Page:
The opening ceremony on Tuesday of a five-storey block of flats in Hebron come as thousands of Israelis attended an annual festival to mark the Jewish Passover holiday in the centre of the southern city.
  
Israeli Parliament Speaker Reuven Rivlin said the opening of the new apartments on a hill known as Tel Rumaida should be an inspiration to settlers who will be forced to withdraw from Gaza under a plan drawn up by Israeli Prime Minister Ariel Sharon. 
  
"Blessed be the Hebron heroes," Rivlin told crowds who had gathered for the ceremony. "Thank God that He has brought us back to our land and allowed us to build here despite the opposition.
  
"This new house should be a symbol to all who live in Eretz Israel," he added. 
  
Israeli troop protection

Rivlin has been one of the leading critics of Sharon's plan to evacuate all 8000 settlers living in Gaza.

Hundreds of Israeli soldiers
protect a handful of settlers  

Sharon, however, appears to have no plans to evacuate the 600 settlers who currently live in Hebron, telling parliament earlier this month that their presence serves as "a strategic Jewish asset".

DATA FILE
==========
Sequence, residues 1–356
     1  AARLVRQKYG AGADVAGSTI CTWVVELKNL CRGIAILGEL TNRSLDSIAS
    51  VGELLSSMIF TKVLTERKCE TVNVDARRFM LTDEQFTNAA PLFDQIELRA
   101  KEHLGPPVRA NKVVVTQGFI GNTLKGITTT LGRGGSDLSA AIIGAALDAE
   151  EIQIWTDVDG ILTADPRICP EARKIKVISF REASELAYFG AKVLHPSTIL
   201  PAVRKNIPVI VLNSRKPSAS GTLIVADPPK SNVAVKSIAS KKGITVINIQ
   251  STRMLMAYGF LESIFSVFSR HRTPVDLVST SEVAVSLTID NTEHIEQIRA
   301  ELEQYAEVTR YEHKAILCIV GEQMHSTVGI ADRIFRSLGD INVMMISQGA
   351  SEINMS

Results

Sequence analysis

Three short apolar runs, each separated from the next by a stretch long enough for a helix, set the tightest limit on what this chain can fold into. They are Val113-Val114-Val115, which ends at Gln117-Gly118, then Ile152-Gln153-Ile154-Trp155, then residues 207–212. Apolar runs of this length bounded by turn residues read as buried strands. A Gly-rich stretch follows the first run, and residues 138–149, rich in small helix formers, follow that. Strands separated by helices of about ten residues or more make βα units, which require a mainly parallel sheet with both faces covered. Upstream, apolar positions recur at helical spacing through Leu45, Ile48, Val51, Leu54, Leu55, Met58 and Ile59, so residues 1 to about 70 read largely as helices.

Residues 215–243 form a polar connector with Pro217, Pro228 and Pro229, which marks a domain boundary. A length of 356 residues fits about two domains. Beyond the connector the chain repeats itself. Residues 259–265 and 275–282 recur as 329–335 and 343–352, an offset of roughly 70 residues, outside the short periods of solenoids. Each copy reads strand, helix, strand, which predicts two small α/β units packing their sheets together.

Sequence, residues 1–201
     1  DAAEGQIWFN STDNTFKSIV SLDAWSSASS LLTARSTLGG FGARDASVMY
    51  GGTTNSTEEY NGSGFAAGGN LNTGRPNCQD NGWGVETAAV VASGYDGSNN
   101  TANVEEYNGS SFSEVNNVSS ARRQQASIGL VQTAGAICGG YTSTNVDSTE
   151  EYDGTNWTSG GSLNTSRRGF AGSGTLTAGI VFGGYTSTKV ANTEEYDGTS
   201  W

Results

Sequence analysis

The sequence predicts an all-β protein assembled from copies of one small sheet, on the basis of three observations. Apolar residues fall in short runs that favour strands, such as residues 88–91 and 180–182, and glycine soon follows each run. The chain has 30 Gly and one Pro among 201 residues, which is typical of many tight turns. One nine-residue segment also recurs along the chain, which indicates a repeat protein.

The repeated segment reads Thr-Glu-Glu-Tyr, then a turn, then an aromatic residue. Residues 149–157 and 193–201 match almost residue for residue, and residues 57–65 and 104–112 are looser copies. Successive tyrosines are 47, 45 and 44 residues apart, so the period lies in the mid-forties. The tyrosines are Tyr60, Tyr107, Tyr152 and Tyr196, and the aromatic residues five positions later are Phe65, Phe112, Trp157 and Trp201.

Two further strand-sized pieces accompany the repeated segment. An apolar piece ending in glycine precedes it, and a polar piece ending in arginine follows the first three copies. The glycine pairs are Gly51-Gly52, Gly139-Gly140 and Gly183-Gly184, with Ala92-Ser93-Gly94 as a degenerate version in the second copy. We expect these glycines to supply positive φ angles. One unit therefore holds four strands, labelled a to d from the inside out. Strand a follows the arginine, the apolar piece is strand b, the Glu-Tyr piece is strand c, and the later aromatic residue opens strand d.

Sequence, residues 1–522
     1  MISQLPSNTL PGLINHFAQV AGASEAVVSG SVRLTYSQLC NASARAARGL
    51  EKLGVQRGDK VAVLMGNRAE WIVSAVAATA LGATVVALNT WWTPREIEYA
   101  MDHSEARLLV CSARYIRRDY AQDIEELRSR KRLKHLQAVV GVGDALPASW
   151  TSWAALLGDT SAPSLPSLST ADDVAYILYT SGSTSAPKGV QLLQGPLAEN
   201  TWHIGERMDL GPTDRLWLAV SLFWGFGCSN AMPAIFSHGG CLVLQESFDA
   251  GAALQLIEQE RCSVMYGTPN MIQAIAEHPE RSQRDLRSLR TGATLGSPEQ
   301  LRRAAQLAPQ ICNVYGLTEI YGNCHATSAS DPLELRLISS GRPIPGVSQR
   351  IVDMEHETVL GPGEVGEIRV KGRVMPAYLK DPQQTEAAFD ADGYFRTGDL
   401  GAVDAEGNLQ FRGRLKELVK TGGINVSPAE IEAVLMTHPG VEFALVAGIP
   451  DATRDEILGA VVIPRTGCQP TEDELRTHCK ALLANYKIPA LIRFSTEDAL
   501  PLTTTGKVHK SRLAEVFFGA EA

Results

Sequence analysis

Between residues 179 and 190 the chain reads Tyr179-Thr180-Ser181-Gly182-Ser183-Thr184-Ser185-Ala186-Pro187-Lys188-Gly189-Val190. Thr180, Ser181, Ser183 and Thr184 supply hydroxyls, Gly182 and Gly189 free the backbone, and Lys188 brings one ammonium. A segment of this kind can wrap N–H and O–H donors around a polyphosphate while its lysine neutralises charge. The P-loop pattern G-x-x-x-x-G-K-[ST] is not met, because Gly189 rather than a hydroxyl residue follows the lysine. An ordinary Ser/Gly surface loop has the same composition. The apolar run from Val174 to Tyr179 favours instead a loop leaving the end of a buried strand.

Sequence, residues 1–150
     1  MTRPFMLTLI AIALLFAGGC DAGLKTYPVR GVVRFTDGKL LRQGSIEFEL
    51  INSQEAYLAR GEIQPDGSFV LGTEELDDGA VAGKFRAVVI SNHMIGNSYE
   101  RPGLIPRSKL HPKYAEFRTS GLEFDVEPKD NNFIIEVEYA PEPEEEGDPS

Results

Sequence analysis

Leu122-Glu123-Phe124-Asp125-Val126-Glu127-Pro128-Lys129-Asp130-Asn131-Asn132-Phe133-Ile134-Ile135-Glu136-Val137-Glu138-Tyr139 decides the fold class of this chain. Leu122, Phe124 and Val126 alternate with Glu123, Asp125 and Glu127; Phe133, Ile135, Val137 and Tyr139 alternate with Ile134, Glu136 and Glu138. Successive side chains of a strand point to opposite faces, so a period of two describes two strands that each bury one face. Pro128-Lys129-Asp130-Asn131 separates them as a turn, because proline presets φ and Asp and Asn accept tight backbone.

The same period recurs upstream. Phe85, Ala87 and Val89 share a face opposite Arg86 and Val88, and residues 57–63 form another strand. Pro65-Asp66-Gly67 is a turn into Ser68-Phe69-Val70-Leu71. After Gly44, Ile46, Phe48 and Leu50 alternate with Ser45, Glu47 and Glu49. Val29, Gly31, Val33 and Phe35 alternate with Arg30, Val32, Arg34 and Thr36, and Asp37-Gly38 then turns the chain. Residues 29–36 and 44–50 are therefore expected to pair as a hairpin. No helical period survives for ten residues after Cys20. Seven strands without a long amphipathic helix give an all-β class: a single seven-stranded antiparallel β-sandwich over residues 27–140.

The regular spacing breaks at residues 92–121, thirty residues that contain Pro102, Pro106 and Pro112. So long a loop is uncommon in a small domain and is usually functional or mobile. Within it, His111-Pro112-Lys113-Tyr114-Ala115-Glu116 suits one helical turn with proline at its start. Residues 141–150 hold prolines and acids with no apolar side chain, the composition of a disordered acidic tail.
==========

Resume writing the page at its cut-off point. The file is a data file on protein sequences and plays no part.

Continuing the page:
The 600 settlers, are permanently protected by hundreds of Israeli soldiers.

Hebron is home to the Tomb of the Patriarchs, also known to Muslims as the Prophet Ibrahim (Abraham) mosque, and is holy to both Jews and Muslims.   

It is the site where a Jewish extremist killed 29 Palestinian worshippers during dawn prayers 11 years ago.

Passover festival

Noam Arnon, one of the leaders of the Hebron settlers, said recent excavation work had unearthed evidence of Jewish heritage in Hebron dating back thousands of year.
  
"The fact that we find our people's past here is a message to the people of Gush Katif (the main settlement bloc in Gaza) to keep their land," he said.

Support for the Gaza settlers was a constant theme in the festival as Israelis, who are usually wary of venturing into the city, took advantage of the massive security presence to pray at the Tomb of the Patriarchs.
   
Another common thread was resentment towards Sharon, who for years was seen as the settlers' biggest champion. 

Rabbi Moshe Levinger, who was one of the first settlers to live in Hebron, led chants proclaiming that "Sharon must go" at the inauguration ceremony for the apartment block which has been funded with the help of pro-settler groups abroad.